Russia in Review, Jan. 25-Feb. 1, 2019

This Week’s Highlights

  • The U.S. said it will suspend compliance with its 1987 INF Treaty with Russia on Feb. 2 and formally withdraw in six months if Moscow does not end its alleged violation of the pact. NATO threw its full support behind the U.S. decision. But the EU’s chief diplomat said Europe wanted to avoid “being a battlefield” for superpower confrontations again and called for “full compliance” by both countries. Russia denied violations and expressed fears that the U.S. would deploy new cruise missiles that could hit its biggest cities.
  • U.S. intelligence chief Daniel Coats told a Senate panel this week that China and Russia "are more aligned than at any point since the mid-1950s." The annual Worldwide Threat Assessment released by his office the same day focused on the two countries’ “significantly expanded … cooperation” and related attempts to “expand their global influence.” In the meantine, a former Kremlin advisor acknowledges that “there will never be a formal alliance” between Moscow and Beijing.
  • The head of Russia’s Academy of Sciences announced a March trip to the U.S. by the academy’s leadership for a “reset” of U.S.-Russian scientific cooperation—in space, medical and oceanic research, but not nonproliferation or counterterrorism.
  • Hungarian Prime Minister Viktor Orban has told U.S. diplomats that he wants his country to be “neutral, like Austria,” while a senior Hungarian official said Orban strongly objects to U.S. pressure aimed at curbing the influence of Moscow and Beijing in Europe, according to the Wall Street Journal. 
  • Russia’s Transportation Ministry reported a 26.4 percent increase in cargo handled by the country’s Arctic ports last year. While the tonnage of dry cargo increased by merely 4 percent, liquid cargo was up by a whopping 40 percent.
  • The share of Russians who think their country is going in the wrong direction has grown to a 13-year high of 45 percent, according to a new poll by the independent Levada Center—outnumbering the “right direction” respondents for the first time since 2006.

I. U.S. and Russian priorities for the bilateral agenda

Nuclear security and safety:

  • “The post-World War II international system is coming under increasing strain amid continuing cyber and WMD proliferation threats, competition in space, and regional conflicts. Among the disturbing trends are hostile states and actors’ intensifying online efforts to influence and interfere with elections here and abroad and their use of chemical weapons,” according to the annual Worldwide Threat Assessment produced by U.S. intelligence leaders. (, 01.29.19)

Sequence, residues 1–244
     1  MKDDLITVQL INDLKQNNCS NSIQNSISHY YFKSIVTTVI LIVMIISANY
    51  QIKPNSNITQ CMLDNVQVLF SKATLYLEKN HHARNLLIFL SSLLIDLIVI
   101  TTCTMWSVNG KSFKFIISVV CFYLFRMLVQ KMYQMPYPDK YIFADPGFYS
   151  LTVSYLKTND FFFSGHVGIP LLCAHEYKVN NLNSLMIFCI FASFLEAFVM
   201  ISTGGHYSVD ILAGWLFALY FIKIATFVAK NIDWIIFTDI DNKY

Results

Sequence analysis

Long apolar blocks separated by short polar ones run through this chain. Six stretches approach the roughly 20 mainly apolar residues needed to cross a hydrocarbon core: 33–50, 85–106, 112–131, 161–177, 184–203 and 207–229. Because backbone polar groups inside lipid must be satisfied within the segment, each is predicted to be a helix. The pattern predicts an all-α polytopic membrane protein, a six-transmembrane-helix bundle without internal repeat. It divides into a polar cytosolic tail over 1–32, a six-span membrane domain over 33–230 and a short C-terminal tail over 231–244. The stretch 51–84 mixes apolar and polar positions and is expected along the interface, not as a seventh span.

• The U.S. Energy Department is pushing back on Gov. Steve Sisolak’s response to revelations the department shipped weapons-grade plutonium to Nevada last year, claiming state and congressional leaders were aware of the agency’s plans. (Fox News, 02.01.19)
  • A suspect is dead following a shooting at the Nevada National Security Site on Jan. 28. (Pahrump Valley Times , 01.30.19)
  • The U.S. government's nuclear security administration said Jan. 31 it will review the handling of a sexual harassment and assault complaint that a security guard at the Nevada National Security Site made against her colleagues. (Postmedia Breaking News, 01.31.19)

North Korea’s nuclear and missile programs:

  • Russian officials made a secret proposal to North Korea last fall aimed at resolving deadlocked negotiations with the Trump administration over its nuclear weapons program. In exchange for dismantling its nuclear weapons and ballistic missiles, Moscow offered the country a nuclear power plant. (The Washington Post, 01.29.19)
  • There were still some 13,000 North Korean workers left in Russia by October, according to the national statistical agency, roughly the maximum allowed Russia under the sanctions implementation timetable. (Wall Street Journal, 01.25.19)
  • In their comments at a Senate panel, Director of National Intelligence Daniel Coats, CIA Director Gina Haspel, FBI Director Christopher Wray and other top officials threw cold water on the White House’s more optimistic view that the U.S. and North Korea will achieve a lasting peace and that the regime will ultimately give up its nuclear weapons. Coats said that North Korea was “unlikely to completely give up its nuclear weapons and production capabilities,” which the country’s leaders consider “critical to the regime’s survival.” (The Washington Post, 01.29.19)